|Volume 17, Issue 3||
Controlling priority weeds in the Tualatin watershed
|Garlic mustard appears as a cluster of round leaves during the first year.|
During the first week of February, you may have received a Permit of Entry (POE) letter from the Tualatin Soil and Water Conservation District’s Invasive Species Program. This year, Tualatin SWCD took over management of the invasive species program from Clean Water Services, which has worked for the past 5-10 years to control priority weed species throughout the Tualatin Watershed, including along Cedar Mill and North Johnson Creeks.
Invasive weeds pose a danger to the environment in several ways. Their aggressive growth crowds out native plants that provide food and shelter for wildlife. They can affect drainage and other natural functions in the watershed. Left to spread, they become harder and more expensive to remove.
Management of several invasive weed species, including woody knotweed, garlic mustard, giant hogweed and purple loosestrife is provided at no cost to the landowner. Infestations of woody knotweed and garlic mustard have been found and treated on Cedar Mill and North Johnson Creeks, in addition to other parts of the watershed. Knotweed grows in the late spring/early summer and blooms around August, so you are not as likely to see it now (Photo 1).
However, springtime brings the emergence of garlic mustard, a nasty biennial herbaceous invasive that rapidly spreads by seed and emits chemicals in the soil that limits the growth of surrounding plants. In the first year of growth, garlic mustard appears as rosettes that have kidney-shaped leaves (Photo 2). In the second year of growth, the leaves are more pointed and have toothed edges. Second year plants produce four-petaled white flowers and seedpods in late spring (Photo 3).
|Second-year growth of garlic mustard looks quite different.|
In April 2018, 559 patches of garlic mustard covering 0.4 acre were treated along Cedar Mill and North Johnson Creeks. Treatments consist of either hand removal or herbicide spray. Licensed herbicide contractors or Tualatin SWCD staff use backpack sprayers to apply herbicides safely. Due to annual surveying and control efforts by Clean Water Services and Tualatin SWCD, the extent of known garlic mustard infestations in the Tualatin Watershed was reduced by 94% between 2009 (75 net acres) and 2018 (4.6 net acres) While we are making headway controlling this invasive plant, more people are encouraged to participate in our program to stop new infestations from spreading and to help fill gaps in surveying and treatment.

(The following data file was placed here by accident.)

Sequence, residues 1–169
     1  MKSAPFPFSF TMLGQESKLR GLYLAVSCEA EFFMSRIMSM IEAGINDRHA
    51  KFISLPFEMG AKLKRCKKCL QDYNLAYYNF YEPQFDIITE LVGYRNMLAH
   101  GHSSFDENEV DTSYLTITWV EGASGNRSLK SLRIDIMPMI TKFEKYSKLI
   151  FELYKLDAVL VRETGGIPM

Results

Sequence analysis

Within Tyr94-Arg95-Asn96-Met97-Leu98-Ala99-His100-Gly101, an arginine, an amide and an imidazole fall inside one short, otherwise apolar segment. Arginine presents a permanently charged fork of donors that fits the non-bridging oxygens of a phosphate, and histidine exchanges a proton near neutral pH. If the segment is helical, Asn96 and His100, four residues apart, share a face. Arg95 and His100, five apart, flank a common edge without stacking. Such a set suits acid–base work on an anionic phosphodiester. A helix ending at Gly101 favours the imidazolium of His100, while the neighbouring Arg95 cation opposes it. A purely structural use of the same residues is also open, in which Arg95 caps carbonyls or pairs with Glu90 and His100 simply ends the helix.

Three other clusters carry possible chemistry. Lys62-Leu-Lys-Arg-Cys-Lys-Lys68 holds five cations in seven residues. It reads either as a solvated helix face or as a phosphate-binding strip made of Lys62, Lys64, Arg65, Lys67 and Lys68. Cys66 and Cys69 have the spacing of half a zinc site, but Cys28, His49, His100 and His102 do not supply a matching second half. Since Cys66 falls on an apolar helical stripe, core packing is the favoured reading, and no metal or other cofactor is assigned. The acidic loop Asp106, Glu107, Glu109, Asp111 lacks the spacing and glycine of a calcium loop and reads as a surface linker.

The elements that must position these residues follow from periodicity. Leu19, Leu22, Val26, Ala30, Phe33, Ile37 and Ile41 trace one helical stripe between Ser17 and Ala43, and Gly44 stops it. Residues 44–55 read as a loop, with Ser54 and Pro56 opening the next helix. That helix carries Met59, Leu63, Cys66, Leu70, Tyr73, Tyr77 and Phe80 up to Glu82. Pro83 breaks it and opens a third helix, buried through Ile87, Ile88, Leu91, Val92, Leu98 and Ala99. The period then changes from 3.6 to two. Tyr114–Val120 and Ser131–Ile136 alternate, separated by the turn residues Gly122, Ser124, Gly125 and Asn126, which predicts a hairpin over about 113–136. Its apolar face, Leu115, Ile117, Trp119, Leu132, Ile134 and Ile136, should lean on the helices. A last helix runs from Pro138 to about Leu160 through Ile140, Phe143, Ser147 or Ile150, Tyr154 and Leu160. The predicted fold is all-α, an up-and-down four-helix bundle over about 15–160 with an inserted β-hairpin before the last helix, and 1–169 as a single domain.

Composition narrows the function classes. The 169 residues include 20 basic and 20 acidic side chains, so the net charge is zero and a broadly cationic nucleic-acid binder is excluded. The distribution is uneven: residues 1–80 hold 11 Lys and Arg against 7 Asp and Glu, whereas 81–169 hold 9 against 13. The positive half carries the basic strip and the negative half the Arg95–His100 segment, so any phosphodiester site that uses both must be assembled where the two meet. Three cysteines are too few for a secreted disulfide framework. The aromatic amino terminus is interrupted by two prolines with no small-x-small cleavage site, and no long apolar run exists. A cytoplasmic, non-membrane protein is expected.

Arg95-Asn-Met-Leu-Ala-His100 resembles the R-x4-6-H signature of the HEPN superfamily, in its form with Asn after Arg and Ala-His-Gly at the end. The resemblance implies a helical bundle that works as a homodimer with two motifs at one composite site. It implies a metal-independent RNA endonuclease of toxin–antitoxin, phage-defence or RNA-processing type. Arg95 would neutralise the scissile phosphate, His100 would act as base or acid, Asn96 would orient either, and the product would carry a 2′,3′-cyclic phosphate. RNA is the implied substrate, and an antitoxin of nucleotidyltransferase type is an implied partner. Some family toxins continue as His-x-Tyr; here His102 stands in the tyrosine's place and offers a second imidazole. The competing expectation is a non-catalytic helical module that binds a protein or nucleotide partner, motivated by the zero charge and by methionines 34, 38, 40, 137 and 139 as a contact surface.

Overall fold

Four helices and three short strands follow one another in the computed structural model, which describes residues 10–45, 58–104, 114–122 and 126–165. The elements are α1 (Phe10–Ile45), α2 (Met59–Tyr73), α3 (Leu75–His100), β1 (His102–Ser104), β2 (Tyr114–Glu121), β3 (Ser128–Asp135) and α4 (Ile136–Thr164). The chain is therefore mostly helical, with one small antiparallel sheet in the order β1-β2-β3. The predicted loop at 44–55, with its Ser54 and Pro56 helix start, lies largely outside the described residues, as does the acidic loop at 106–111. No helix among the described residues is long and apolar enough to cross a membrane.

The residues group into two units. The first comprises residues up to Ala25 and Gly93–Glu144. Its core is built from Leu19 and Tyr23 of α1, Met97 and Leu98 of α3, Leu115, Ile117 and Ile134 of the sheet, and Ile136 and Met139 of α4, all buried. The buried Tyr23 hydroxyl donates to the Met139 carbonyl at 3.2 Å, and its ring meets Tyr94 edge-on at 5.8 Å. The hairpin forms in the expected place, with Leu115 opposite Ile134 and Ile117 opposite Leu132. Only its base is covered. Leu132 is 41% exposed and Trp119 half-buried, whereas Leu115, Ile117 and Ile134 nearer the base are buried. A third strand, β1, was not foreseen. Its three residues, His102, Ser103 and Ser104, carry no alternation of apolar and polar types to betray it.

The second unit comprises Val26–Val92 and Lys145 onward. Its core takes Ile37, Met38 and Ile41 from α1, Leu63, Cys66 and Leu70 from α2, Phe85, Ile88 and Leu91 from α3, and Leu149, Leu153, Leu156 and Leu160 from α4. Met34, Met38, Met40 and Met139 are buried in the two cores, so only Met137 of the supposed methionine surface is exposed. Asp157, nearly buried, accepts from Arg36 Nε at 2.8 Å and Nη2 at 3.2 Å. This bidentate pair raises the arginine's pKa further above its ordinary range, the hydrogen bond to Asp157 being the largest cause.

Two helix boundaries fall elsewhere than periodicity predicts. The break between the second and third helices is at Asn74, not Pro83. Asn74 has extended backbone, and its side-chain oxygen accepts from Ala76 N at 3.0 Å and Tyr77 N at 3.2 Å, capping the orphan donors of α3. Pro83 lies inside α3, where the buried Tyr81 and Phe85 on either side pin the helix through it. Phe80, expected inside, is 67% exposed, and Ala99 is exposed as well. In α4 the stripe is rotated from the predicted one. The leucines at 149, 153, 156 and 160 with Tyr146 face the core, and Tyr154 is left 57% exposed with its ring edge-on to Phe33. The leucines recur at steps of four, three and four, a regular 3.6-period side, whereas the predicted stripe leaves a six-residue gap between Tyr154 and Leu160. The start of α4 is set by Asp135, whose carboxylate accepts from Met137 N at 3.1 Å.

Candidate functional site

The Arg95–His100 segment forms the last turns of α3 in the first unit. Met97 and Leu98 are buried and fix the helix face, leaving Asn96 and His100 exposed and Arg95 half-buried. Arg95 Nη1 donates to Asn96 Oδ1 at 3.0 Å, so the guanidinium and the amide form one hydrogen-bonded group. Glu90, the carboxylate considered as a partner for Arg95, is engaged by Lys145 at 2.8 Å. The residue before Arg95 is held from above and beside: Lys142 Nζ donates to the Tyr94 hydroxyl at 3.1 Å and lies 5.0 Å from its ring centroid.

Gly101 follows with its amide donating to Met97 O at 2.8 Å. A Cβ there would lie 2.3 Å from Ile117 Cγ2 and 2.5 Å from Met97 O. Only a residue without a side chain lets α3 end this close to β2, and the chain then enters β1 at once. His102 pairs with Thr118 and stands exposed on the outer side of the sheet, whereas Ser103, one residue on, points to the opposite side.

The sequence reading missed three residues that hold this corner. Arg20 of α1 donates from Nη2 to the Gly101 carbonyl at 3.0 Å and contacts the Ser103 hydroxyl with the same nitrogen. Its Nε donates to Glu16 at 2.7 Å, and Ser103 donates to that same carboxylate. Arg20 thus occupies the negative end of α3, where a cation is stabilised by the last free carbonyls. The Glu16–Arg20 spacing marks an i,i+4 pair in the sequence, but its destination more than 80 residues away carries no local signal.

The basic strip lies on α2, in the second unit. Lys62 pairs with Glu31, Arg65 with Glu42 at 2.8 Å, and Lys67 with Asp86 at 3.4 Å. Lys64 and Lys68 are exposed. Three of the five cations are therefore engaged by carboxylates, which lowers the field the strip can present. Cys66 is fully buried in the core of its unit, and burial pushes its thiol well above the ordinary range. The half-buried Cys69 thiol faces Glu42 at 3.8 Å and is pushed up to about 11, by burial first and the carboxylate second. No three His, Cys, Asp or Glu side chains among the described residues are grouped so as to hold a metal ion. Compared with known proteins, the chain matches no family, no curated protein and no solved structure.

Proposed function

Even if you think you do not have this invasive plant in your yard or near your creek, we still encourage you to sign and return the POE letter, since the presence of garlic mustard (and knotweed) can change year-to-year and we need to confirm its presence or absence. Please provide your phone number or email if you’d like to be notified before surveying or control work occurs.
|Knotweed spreads quickly and can grow quite tall.|
If you are interested in learning how to identify these and other invasive plants, consider attending our upcoming Weed Watcher Workshop on May 21 at St. Andrew Lutheran Church, 6-8 pm. Please RSVP on our website at www.tualatinswcd.org. Attendance is limited to 30 people per workshop, so we recommend you register early. If you can’t attend this workshop, we also offer four more workshops in Hillsboro, Tigard, Forest Grove and North Bethany in late April and throughout May.
For more information about garlic mustard, please visit the 4-County Cooperative Weed Management Area website at here. Information on woody knotweed is located on the Tualatin SWCD website at https://www.swcd.net/invasive-noxious-weeds/get-to-know-the-knotweeds/. Feel free to contact either Olivia Hurd or Tyler Pedersen at 503-334-2288 Extension 111 or email firstname.lastname@example.org if you have any questions or concerns. Thank you!
Published monthly by Cedar Mill News LLC
PO Box 91061
Portland, Oregon 97291